Global copper markets will be oversupplied for at least two years, executives at some of the world’s major producers of the metal and traders said on Wednesday, casting doubt on the chances of a prolonged rally in prices.
That tempered assessment of the market at an industry conference in Shanghai came after benchmark copper prices last week recorded their biggest weekly gain since 2011, largely fuelled by U.S. President-elect Donald Trump’s promises of infrastructure spending.
“In 2017, it will still be a relatively oversupplied market. In 2018 it will not be better than 2017,” said Yuneng Wu, vice president of Jiangxi Copper Co, China’s largest copper producer. Global markets for the metal, used in everything from wiring to construction, have been burdened by oversupply as mines ramp up output in places such as Chile and Zambia.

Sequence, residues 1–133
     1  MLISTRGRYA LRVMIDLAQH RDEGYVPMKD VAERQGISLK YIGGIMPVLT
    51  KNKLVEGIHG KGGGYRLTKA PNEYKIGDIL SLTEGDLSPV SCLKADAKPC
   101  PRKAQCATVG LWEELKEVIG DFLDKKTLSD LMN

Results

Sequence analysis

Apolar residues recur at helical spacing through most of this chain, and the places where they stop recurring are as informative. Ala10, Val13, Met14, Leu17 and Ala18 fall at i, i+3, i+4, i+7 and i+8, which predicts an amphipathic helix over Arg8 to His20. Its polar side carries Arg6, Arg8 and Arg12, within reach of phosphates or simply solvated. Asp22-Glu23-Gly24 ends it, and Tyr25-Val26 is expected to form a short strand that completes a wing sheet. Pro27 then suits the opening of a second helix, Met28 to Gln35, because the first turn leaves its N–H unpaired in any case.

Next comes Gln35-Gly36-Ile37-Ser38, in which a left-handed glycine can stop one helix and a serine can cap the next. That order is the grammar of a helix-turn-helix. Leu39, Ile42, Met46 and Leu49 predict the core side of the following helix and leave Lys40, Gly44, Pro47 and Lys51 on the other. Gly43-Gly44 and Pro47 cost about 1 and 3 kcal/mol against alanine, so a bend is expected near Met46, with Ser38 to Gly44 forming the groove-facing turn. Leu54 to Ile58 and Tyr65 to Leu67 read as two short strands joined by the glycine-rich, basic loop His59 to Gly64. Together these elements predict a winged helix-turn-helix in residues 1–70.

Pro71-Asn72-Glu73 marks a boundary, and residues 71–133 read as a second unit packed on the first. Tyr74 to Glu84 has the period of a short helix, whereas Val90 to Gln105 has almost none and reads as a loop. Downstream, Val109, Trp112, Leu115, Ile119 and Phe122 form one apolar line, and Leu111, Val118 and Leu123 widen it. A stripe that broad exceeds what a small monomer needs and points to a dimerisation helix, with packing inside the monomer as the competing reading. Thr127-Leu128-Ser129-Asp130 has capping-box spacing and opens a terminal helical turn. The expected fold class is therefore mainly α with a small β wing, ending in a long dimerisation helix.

Some bullish traders and analysts had embraced last week’s rally as the first sign the market was poised for a prolonged bull run, ending a years-long rout that saw prices fall more than a third since July 2014 as demand growth in China faded.
But while prices may have bottomed out for now, they will not trade beyond $5,000-6,000 per tonne going into 2017, said Jinbi He, founder and president of Maike Metals Group, one of China’s top metals traders. Prices stood around $5,500 on Wednesday.
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